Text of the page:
- What is the experience of Resistant Writers in writing courses?
- What role conflicts influence the student experience in first-year writing and beyond?
- What do students remember from writing instruction (in first year writing and beyond) and then transfer to later writing tasks while in college?
- How can we apply the classical canons of rhetoric regarding memory as well as contemporary understandings of the variability and constructed nature of memory to the question of knowledge transfer for writing courses?
- Dean’s Research Initiative Grant, 2011-12.
- CSU System Faculty Research Grant, 2010-11; 2011-12; 2012-13.
|Spring 2011||Fall 2011||Spring 2012||Fall 2012*|
|Follow up Surveys||14||34||20|
|Previous Participant Surveys||5||10||7|
|Reflective Log Entries||36|
*As of December 12, 2012.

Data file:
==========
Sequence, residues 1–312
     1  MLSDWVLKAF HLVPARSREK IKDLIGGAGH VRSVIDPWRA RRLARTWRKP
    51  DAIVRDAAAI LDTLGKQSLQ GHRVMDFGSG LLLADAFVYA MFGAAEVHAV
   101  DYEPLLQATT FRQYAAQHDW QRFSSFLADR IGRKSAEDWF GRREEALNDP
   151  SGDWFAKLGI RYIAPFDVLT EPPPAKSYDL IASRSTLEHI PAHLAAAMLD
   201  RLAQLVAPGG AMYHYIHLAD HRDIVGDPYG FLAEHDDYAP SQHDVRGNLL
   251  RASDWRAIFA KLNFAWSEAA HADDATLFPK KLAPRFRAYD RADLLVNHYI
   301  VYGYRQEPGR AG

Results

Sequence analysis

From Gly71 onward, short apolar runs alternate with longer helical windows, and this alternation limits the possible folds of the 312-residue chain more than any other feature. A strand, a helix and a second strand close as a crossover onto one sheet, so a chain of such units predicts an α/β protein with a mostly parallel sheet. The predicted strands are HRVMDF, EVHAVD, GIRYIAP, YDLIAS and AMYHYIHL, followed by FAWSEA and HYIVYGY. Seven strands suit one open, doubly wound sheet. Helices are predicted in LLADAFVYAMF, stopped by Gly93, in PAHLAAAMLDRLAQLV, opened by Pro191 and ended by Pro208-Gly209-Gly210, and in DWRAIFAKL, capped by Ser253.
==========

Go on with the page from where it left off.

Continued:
Initial analysis points to a tension between the expectations of writer-based actions and perspectives around which writing courses and tasks are built, which tend to value recursivity and discovery, and the realities and perceptions of the student role, which tend to value efficiency and clarity. In addition, those in later writing courses have varied perspectives on how much their previous instruction could “transfer” to current expectations. My study has identified a complex intersection of an activity-systems approach to knowledge transfer, pedagogical memory, and identity theory in terms of the performance of roles in the writing classroom and after. Tentatively, the data suggest that the Student-Writer role conflict strongly influences the likelihood students will develop a robust pedagogical memory that will help them succeed at the writing tasks they encounter throughout their college careers.